Our Continued Care & Coverage Plan 

Our Continued Care & Coverage Plan 

Do I need to come back after my hearing aids are fit? Hearing aids are not a quick fix, and better hearing is truly a journey. Whether it is reprogramming, hearing aid cleaning, or even Bluetooth troubleshooting, follow-up care is necessary for the continued success...
What Is The Redux System?

What Is The Redux System?

Did you know that your ear canal is as humid as the Amazon Rainforest? Hearing aids are built to be worn 10+ hours a day, 7 days a week, in varying levels of humidity and heat—for years! When I think about everything a hearing aid goes through on a daily basis,...
Basic Hearing Test

A basic hearing test begins with an air conduction test. You will be seated in a soundproof booth and single-use, foam earphones will be inserted into your ear canals. The Audiologist will ask you to push a button or raise your hand when you barely hear a series of beeps (tones) presented at various frequencies (pitches) to obtain your air conduction thresholds.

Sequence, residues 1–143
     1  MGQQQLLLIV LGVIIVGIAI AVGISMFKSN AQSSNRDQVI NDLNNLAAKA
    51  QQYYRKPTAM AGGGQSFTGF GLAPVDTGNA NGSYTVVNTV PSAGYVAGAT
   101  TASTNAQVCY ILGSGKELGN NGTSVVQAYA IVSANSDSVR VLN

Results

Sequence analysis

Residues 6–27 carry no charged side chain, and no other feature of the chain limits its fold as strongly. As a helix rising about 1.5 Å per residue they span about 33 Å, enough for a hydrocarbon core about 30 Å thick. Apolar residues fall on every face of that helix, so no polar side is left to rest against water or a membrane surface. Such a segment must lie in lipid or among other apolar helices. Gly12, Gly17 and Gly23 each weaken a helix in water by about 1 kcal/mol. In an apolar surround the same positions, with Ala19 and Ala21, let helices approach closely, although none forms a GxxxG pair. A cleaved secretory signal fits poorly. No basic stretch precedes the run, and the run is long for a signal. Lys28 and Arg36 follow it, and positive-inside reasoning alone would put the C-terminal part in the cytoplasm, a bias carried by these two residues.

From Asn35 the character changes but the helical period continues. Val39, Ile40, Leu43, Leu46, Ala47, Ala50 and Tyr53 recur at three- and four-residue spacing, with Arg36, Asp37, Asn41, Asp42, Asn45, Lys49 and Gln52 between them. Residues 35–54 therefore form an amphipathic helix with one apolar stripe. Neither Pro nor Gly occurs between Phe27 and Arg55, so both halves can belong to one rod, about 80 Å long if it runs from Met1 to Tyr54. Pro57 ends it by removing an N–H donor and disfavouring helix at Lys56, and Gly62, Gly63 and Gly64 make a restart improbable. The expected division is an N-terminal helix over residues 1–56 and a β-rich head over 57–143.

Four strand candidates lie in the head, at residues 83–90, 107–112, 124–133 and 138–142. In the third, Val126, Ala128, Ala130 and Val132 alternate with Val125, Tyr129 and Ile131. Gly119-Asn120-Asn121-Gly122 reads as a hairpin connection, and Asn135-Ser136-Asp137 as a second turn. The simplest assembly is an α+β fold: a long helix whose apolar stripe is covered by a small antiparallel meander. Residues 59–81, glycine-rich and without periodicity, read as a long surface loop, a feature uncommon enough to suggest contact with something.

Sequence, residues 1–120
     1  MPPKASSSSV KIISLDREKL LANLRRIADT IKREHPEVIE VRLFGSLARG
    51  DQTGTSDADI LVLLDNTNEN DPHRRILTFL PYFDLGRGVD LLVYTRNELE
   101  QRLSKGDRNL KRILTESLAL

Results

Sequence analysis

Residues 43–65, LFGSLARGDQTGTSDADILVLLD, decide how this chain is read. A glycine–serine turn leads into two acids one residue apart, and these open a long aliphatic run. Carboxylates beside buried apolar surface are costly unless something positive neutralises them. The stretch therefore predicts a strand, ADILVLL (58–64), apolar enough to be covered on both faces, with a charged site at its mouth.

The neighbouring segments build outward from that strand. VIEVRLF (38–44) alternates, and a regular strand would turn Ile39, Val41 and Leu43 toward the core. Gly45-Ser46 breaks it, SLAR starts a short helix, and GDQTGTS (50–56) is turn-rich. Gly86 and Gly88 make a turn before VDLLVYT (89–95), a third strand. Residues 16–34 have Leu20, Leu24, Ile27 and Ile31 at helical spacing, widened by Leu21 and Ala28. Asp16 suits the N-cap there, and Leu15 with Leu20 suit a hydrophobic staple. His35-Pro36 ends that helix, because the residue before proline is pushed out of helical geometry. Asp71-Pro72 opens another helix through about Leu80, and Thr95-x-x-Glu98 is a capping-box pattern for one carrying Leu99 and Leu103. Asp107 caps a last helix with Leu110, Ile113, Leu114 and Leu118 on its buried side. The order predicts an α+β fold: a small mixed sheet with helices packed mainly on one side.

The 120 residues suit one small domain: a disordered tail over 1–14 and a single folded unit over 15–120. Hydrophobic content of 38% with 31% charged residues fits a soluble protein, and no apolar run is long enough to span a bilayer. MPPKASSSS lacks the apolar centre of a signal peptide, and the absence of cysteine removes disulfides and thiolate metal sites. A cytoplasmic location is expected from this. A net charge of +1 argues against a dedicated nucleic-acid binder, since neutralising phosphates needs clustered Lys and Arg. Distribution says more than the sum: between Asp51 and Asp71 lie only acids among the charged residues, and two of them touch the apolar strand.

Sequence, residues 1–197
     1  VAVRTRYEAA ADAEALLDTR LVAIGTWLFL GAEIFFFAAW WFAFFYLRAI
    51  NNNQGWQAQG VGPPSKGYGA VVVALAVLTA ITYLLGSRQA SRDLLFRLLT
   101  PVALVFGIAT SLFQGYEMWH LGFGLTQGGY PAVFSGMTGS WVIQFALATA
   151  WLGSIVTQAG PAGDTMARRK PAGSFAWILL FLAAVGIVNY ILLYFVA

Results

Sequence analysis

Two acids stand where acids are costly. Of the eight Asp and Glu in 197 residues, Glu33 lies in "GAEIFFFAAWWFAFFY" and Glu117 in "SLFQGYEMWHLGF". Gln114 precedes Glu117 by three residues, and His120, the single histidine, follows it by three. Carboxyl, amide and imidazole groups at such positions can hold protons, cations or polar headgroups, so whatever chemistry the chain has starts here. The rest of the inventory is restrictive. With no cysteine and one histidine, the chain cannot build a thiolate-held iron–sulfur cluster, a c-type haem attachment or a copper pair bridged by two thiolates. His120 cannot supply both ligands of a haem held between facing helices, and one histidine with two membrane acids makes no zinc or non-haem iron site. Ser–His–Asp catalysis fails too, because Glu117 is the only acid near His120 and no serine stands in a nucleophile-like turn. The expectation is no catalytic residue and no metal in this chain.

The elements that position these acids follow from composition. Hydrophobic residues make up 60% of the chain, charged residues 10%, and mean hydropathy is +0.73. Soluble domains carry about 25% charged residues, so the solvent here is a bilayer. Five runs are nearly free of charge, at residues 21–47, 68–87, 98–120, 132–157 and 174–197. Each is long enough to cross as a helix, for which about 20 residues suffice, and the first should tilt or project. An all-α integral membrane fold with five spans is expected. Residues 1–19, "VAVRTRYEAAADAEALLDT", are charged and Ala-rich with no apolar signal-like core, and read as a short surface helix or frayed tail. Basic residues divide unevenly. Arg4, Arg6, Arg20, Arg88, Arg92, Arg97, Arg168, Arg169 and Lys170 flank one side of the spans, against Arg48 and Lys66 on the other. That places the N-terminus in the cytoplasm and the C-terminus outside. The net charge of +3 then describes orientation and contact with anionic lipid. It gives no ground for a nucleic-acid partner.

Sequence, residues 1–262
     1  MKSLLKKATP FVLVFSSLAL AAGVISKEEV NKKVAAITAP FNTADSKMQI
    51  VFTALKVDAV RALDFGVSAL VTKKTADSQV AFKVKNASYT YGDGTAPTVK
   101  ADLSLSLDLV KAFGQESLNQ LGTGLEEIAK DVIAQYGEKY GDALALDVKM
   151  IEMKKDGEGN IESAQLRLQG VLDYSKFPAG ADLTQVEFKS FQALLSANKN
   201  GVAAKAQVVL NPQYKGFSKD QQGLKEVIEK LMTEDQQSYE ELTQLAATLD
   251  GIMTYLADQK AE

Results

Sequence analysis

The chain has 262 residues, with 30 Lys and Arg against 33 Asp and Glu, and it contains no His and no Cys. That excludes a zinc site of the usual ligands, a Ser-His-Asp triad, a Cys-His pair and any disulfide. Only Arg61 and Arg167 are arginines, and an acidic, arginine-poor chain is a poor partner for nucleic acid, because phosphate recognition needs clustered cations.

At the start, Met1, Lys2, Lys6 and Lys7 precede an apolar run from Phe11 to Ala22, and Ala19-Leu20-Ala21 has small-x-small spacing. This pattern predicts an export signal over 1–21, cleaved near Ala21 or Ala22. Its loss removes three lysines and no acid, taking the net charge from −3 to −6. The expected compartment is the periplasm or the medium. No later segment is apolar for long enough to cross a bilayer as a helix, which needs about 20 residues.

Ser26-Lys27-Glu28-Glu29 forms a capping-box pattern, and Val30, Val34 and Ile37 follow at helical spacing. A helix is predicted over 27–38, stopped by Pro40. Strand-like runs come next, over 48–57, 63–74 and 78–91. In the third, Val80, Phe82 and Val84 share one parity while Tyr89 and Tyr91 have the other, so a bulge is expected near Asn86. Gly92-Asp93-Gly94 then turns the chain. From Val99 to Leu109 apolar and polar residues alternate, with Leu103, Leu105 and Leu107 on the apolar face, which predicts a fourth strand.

To determine whether your hearing loss is a conductive (mechanical) loss, sensorineural (permanent) loss or combination of the two, we perform a bone conduction test.  

For this test, a head band is place on the bone behind one of the ears to obtain your bone conduction thresholds. This process provides a different form of sound transmission using vibration, which bypasses the eardrum and the middle ear bones and directly stimulates the auditory nerve. When you hear the beeps/tones, you will push a button or raise your hand.

If bone conduction thresholds are better than air conduction thresholds (through the foam inserts), you have a conductive hearing loss. This suggests a problem with the mechanical structures (moving parts) of the ears.

Conductive hearing loss is often a medically treatable condition for which we will provide you with a referral to an Ear, Nose and Throat (ENT) physician. However, if bone and air conduction thresholds match, it indicates a sensorineural hearing loss (permanent), and the treatment will likely involve hearing aids.